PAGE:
Mozilla's two day hackathon will help make the internet a better place
Emphasis on projects promoting open developmentBy Greg Synek
Mozilla is getting ready for its fifth annual Global Sprint hackathon. Beginning on May 10 and extending a full 48 hours, the event will focus on encouraging collaboration across five areas to improve the internet.
Web literacy is the first of the five focus points. Projects in this category will help teach participants how to build content and go beyond simple consumption of existing materials. Openness projects will focus on transparency and promote the fair sharing of code and ideas.
Privacy and security, digital inclusion, and decentralization make up the remaining three areas of interest. Mozilla is advocating for a safer internet that is accessible by all, regardless of location. Decentralization is meant to prevent any entity from taking control of the internet so that slowing down or blocking access is not possible.
The hackathon is open to all participants worldwide. There are a variety of physical locations where the event will be taking place but it is also possible to join virtually and still contribute to projects.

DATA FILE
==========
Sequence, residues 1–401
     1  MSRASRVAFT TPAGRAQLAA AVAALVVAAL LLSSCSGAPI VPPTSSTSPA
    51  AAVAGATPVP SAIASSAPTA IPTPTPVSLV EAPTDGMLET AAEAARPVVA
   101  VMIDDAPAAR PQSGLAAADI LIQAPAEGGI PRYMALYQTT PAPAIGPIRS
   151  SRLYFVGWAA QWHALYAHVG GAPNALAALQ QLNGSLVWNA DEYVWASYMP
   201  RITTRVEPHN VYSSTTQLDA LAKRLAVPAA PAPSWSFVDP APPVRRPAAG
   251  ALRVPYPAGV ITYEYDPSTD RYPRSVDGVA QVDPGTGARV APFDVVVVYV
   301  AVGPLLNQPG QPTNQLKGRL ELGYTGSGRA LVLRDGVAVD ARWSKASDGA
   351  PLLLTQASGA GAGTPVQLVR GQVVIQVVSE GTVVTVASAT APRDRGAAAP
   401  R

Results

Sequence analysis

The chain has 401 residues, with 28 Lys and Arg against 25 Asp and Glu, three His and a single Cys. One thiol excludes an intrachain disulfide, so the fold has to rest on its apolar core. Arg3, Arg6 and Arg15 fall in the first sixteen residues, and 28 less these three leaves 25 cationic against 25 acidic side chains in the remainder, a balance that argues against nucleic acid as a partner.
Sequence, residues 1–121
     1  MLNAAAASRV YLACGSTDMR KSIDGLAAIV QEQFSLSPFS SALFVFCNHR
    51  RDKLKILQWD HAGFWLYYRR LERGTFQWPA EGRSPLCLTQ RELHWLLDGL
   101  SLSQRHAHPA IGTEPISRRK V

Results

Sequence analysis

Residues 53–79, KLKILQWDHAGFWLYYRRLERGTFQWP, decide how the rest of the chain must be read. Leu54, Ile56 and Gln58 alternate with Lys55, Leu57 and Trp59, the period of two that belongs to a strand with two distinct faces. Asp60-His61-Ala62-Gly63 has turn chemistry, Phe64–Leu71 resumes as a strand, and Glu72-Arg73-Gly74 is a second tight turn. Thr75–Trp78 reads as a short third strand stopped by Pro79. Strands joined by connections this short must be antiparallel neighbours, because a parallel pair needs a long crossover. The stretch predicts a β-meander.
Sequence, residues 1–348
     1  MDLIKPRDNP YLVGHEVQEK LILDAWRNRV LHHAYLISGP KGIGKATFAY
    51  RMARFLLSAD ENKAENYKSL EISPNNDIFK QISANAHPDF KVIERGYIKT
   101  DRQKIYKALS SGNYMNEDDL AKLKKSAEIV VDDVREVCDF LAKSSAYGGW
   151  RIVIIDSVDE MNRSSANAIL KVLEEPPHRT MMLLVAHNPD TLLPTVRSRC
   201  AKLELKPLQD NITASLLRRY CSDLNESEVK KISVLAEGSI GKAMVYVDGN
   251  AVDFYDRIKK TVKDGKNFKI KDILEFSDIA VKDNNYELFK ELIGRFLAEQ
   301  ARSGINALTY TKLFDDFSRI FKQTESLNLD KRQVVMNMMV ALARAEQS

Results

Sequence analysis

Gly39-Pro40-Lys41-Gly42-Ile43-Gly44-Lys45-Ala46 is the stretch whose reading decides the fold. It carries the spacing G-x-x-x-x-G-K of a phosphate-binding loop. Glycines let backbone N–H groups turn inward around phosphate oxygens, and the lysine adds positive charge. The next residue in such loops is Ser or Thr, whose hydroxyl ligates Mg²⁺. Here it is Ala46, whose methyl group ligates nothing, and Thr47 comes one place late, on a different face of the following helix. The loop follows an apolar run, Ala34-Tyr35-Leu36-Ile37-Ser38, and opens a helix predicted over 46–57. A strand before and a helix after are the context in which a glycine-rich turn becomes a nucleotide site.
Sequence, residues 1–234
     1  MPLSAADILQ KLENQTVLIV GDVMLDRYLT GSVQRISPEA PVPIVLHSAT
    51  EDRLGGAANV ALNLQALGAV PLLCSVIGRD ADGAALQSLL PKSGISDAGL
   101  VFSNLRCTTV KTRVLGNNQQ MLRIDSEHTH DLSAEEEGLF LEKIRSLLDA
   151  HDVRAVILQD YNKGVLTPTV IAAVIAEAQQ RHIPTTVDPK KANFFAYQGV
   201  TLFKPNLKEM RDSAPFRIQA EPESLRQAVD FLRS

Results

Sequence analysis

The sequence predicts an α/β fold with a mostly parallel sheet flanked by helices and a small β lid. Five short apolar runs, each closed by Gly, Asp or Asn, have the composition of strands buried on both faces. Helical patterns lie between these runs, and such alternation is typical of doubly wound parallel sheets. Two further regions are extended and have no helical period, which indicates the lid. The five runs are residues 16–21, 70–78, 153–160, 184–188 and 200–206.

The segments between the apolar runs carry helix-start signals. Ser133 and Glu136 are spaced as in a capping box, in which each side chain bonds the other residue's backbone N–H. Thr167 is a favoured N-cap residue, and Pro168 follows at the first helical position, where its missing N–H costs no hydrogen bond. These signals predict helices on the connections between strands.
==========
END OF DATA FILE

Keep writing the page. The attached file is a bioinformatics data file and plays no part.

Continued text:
Projects being worked on this year can be viewed on GitHub. One featured project is Aletheia, a decentralized platform for publishing scientific information. It is based on an Ethereum Blockchain and has a peer review process to ensure that only quality papers are shared.
Another project for 2018 is Common Voice. Current digital assistants routinely collect and make use of voice data from end users so that services can be improved. However, only the business that owns the assistant can access the stored voice data.
Mozilla is aiming to create a multi-lingual voice recognition technology with the help of the community. Volunteers submit their own voice which can then be used by any developer to train their own voice-enabled apps. Sharing all collected voice data will help rapidly improve and accelerate the development of voice recognition tools.